In the past few years, smart home products have gone from niche items owned by early adopters, to being commonly found in American consumers’ homes. In order to better understand consumers’ thoughts about and usage of smart products, The Stevenson Company recently completed its inaugural Smarthome Products Study. Over 2,000 consumers were interviewed regarding their attitudes, adoption, and usage of 25+ smart home product categories.
Ownership of smart home products has become a commonplace part of consumer’s lives. Two-thirds of consumers interviewed indicated that they own at least one smart home product. In fact, on average consumers own five smart home products, suggesting an increase acceptance of smart home products overall.
Most Common Smart Products
Thermostats and voice assistants/smart speakers are commonly consumers’ entry point into building a smart home. Compared to other products in the smart category, thermostats and voices assistants/smart speakers are more likely to be owned by consumers and/or tend to be the first smart product consumers purchase in his space. Those consumers are next most likely to also likely to own smart light bulbs. This may suggest cross-category merchandising opportunities for retailers with respect to how they display or group smart products in their stores.
Factors Influencing Purchase and Customer Attitudes
Manufacturers’ “cost of entry” to join the smart product market is no different than that of most products. The two strongest factors influencing consumers’ future smart product purchases are price and ease of use. If a manufacturer’s products are not competitive in those key areas, their introduction will likely be less successful overall.
Despite the overall acceptance of smart products, challenges exist around widespread adoption. Consumers are divided on the importance of owning smart home products with slightly more favoring not very/not at all important at 37% versus the 31% who consider them extremely/very important.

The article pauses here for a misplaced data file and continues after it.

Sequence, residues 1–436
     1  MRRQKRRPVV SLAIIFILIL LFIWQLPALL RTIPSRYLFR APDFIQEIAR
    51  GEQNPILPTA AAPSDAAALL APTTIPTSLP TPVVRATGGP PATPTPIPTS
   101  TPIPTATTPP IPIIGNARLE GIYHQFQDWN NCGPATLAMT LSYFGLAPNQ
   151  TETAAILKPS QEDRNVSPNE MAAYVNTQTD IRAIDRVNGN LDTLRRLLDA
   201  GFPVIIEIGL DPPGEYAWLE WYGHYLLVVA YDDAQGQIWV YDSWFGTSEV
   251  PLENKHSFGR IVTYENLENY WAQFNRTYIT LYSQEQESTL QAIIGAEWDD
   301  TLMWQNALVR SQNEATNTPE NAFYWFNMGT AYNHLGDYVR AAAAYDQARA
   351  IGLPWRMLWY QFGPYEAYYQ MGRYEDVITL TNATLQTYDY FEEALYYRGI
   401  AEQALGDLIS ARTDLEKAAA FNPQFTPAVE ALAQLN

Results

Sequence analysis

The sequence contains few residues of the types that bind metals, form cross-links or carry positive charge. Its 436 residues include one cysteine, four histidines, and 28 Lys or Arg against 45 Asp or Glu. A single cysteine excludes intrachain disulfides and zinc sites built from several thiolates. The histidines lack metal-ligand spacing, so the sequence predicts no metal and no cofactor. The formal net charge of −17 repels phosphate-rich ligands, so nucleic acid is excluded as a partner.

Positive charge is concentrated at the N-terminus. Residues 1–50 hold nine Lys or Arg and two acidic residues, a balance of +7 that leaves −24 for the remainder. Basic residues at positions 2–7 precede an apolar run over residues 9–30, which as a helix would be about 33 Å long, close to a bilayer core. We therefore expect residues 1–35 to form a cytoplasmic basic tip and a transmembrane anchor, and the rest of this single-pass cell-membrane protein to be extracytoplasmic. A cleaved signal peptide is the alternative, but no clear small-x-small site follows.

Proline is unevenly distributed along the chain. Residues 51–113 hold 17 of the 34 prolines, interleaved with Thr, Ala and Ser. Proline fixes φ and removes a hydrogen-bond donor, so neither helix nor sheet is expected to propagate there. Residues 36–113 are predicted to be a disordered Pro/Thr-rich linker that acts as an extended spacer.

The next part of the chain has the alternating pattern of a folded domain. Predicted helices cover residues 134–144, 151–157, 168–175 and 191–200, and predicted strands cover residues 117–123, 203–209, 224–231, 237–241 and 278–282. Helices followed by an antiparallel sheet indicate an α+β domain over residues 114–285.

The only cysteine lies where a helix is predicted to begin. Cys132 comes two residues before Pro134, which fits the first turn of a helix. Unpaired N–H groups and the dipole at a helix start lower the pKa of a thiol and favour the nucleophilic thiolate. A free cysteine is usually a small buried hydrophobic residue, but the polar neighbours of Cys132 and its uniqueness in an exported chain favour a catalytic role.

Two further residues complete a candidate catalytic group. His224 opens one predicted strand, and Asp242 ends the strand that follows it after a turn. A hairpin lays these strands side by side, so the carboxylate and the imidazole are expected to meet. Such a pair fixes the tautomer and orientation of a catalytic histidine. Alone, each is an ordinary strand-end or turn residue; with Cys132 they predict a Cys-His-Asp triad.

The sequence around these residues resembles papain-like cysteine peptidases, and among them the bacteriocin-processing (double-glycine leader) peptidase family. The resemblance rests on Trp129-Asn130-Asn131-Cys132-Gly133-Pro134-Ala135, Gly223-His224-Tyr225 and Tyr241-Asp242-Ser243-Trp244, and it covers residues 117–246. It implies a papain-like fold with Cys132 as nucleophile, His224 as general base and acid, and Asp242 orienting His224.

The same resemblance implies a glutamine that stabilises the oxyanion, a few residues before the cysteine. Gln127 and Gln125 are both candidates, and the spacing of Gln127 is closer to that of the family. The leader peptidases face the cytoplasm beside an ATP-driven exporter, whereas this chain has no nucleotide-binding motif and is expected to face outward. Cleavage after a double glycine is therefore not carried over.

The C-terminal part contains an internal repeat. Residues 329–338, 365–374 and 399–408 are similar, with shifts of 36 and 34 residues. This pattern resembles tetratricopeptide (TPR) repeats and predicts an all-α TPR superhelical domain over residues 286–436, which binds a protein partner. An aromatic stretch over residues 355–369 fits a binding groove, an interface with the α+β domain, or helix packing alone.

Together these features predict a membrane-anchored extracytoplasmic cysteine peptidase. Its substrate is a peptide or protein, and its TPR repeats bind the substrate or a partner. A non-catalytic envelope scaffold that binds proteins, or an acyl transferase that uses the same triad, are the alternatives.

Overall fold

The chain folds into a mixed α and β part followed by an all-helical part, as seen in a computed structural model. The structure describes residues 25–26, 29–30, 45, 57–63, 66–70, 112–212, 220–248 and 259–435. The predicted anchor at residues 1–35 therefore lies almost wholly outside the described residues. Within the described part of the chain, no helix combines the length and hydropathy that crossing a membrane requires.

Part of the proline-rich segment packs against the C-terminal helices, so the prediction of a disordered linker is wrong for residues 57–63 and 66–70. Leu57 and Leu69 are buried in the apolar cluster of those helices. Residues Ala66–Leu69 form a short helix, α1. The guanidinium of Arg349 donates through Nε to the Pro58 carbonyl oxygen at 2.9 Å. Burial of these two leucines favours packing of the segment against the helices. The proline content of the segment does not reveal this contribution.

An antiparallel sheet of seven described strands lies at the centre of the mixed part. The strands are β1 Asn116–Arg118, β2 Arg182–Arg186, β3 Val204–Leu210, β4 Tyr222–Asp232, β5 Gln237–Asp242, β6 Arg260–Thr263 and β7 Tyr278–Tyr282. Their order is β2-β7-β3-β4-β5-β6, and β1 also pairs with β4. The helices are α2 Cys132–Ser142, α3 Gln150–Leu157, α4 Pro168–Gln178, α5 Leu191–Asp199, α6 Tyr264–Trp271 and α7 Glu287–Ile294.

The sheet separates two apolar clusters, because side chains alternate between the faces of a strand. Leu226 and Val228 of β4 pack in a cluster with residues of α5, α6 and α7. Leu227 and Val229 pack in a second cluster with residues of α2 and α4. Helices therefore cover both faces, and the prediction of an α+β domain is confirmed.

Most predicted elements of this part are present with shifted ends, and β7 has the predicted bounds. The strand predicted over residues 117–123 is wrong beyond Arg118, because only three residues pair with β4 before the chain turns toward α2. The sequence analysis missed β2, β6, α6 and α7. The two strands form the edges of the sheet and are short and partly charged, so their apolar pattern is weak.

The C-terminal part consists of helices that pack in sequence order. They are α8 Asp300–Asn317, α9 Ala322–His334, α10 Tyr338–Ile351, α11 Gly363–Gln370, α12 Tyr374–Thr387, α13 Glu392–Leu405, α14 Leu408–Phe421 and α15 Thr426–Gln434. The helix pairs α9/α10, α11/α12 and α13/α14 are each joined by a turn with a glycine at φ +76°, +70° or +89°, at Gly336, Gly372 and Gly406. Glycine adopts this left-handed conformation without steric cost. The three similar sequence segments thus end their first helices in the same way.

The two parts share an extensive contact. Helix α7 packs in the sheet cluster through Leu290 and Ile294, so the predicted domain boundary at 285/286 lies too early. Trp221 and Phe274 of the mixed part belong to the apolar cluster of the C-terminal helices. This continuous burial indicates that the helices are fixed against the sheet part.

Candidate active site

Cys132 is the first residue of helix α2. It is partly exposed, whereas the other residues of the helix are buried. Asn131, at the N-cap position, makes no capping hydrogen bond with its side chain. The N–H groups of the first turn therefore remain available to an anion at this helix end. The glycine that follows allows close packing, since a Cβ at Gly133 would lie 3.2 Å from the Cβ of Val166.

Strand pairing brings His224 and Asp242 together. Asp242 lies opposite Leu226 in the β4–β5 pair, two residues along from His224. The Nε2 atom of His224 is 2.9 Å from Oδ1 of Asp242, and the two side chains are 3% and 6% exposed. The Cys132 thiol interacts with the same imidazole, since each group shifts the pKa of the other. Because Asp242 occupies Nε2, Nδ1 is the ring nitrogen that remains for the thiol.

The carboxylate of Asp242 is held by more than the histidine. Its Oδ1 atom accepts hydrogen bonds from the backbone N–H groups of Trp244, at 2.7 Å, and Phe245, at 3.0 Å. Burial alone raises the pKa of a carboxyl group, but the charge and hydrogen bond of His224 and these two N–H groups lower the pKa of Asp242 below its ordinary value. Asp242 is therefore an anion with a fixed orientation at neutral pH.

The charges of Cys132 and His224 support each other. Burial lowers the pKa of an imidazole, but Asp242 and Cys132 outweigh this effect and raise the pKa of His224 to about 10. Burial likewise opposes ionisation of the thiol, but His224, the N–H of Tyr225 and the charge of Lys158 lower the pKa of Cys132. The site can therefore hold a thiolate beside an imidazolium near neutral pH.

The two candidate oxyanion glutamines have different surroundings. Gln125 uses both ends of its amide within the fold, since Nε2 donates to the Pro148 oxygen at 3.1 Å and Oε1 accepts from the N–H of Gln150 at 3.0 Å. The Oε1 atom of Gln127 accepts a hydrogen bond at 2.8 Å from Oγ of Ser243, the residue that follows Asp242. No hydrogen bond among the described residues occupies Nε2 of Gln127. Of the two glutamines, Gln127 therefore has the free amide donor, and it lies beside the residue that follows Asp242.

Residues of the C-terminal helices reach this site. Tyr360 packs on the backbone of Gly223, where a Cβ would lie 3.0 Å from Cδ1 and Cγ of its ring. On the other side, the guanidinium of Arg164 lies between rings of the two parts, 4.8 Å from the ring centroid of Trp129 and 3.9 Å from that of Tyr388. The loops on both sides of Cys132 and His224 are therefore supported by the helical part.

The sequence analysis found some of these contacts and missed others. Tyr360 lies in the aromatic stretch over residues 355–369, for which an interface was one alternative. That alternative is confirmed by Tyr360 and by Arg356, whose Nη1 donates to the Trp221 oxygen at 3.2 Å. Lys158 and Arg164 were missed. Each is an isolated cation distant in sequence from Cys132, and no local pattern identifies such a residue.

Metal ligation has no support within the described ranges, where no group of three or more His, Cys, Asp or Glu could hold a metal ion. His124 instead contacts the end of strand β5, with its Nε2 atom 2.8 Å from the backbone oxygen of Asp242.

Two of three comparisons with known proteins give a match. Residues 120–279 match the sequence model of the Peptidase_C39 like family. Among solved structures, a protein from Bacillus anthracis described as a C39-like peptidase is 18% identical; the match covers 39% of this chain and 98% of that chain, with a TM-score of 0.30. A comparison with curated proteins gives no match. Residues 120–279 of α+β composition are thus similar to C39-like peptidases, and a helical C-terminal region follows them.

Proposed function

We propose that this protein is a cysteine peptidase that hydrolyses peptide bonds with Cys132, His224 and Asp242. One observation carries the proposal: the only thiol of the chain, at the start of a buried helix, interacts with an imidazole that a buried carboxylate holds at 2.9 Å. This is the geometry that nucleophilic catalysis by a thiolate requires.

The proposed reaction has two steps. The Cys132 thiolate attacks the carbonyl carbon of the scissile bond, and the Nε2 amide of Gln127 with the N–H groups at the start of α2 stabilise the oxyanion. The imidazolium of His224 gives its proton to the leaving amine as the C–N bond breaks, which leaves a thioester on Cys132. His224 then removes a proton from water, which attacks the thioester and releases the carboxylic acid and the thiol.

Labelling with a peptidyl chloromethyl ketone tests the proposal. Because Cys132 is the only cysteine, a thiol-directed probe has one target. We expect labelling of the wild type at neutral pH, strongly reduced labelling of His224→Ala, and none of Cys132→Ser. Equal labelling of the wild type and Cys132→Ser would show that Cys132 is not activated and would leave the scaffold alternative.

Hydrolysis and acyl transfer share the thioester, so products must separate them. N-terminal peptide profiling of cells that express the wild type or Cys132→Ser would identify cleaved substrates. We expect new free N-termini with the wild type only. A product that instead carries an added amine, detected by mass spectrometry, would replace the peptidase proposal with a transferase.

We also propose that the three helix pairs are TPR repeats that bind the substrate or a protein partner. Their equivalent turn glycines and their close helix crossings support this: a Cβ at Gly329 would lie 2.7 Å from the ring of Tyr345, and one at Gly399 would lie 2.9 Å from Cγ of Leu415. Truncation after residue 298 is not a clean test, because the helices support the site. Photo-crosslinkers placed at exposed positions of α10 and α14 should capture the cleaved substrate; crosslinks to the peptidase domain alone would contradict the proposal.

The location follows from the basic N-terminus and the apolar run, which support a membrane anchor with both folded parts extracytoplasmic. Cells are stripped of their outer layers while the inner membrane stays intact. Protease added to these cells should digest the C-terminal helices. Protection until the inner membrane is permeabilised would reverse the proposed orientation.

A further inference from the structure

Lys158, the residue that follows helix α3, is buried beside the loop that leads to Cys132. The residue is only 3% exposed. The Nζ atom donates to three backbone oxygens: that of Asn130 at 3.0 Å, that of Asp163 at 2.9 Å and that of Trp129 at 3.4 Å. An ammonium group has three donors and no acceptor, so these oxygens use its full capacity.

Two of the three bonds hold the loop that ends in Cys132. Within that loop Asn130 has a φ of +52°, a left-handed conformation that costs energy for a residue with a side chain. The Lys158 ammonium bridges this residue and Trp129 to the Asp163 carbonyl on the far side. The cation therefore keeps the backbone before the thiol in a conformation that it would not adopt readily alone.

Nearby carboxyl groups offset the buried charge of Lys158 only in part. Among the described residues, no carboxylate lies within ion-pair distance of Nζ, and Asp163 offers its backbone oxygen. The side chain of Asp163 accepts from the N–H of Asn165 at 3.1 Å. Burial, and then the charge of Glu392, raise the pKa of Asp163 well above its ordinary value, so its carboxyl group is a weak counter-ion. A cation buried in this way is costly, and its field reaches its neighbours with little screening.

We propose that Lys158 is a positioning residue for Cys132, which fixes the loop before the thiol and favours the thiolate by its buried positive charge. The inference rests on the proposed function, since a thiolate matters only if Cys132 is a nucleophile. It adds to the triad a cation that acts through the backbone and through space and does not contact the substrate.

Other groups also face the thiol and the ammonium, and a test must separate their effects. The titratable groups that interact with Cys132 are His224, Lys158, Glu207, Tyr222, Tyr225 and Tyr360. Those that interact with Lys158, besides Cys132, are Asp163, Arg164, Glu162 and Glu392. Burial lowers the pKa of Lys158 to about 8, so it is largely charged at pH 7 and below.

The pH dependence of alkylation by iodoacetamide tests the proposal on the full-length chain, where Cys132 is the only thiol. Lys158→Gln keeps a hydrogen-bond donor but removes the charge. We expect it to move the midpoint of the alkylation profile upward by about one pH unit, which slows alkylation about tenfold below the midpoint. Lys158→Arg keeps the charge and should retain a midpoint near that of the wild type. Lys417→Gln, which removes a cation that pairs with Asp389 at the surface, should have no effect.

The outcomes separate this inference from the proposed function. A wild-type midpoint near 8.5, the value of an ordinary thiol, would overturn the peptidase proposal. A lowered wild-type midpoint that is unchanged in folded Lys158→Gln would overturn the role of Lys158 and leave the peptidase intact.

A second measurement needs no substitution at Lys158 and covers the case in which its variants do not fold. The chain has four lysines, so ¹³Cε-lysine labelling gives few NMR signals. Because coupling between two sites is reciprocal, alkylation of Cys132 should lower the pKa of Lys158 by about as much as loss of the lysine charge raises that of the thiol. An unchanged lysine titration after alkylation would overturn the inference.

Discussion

While some consumers find smart home adoption less important, over half of consumers reported (60%) they are extremely/very interested in purchasing additional smart home products. However, the key barriers preventing purchase include price, and , as these were the top reasons given for not owning any/more smart home products. Price will likely continue to be a concern but providing more education to consumers on the benefits smart home products provide (i.e. saving money on energy bills, added security to the home overall, etc.) could help change their mindset.
It is important to note that consumers’ comfort level with technology is not a major barrier for smart home product adoption. Fifty-five percent of consumers say they are extremely/very comfortable with technology compared to the 14% reporting they are not very/not at all comfortable. In addition, two-thirds of consumers felt comfortable setting up their smart products themselves or having someone in their household do so, rather than investing in professional installation.
Smart Products Will Continue To Grow
In summary, consumers are willing and able to embrace smart home products, with many doing so already. However, there is still a select group that believe they can live without them. Increased usage of smart features on smart home products will depend on further education. . Manufacturers and retailers have an opportunity to provide communication to consumers and better educate them on how these products work, what roles they play, and the benefits they provide. Smart home products do fulfill a need in homes in addition to the many conveniences they provide.